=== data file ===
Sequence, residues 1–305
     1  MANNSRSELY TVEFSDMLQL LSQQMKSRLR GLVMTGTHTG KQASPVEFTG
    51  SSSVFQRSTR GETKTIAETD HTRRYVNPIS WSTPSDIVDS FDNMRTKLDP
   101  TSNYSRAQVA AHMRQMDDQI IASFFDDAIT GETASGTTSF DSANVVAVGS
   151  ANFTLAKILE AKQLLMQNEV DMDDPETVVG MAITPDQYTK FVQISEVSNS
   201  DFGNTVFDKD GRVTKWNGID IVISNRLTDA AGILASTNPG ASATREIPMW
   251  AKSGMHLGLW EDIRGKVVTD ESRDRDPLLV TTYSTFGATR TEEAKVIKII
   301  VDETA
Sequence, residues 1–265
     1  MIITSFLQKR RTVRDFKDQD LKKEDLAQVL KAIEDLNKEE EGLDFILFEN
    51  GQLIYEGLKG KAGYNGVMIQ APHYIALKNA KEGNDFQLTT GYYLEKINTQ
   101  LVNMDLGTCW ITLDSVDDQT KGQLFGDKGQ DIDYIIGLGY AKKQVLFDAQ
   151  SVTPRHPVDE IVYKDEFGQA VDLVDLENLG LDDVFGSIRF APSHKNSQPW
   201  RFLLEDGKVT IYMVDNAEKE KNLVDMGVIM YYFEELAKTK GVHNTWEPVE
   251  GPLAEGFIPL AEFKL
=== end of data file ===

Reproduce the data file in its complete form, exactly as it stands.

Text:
Sequence, residues 1–305
     1  MANNSRSELY TVEFSDMLQL LSQQMKSRLR GLVMTGTHTG KQASPVEFTG
    51  SSSVFQRSTR GETKTIAETD HTRRYVNPIS WSTPSDIVDS FDNMRTKLDP
   101  TSNYSRAQVA AHMRQMDDQI IASFFDDAIT GETASGTTSF DSANVVAVGS
   151  ANFTLAKILE AKQLLMQNEV DMDDPETVVG MAITPDQYTK FVQISEVSNS
   201  DFGNTVFDKD GRVTKWNGID IVISNRLTDA AGILASTNPG ASATREIPMW
   251  AKSGMHLGLW EDIRGKVVTD ESRDRDPLLV TTYSTFGATR TEEAKVIKII
   301  VDETA
Sequence, residues 1–265
     1  MIITSFLQKR RTVRDFKDQD LKKEDLAQVL KAIEDLNKEE EGLDFILFEN
    51  GQLIYEGLKG KAGYNGVMIQ APHYIALKNA KEGNDFQLTT GYYLEKINTQ
   101  LVNMDLGTCW ITLDSVDDQT KGQLFGDKGQ DIDYIIGLGY AKKQVLFDAQ
   151  SVTPRHPVDE IVYKDEFGQA VDLVDLENLG LDDVFGSIRF APSHKNSQPW
   201  RFLLEDGKVT IYMVDNAEKE KNLVDMGVIM YYFEELAKTK GVHNTWEPVE
   251  GPLAEGFIPL AEFKL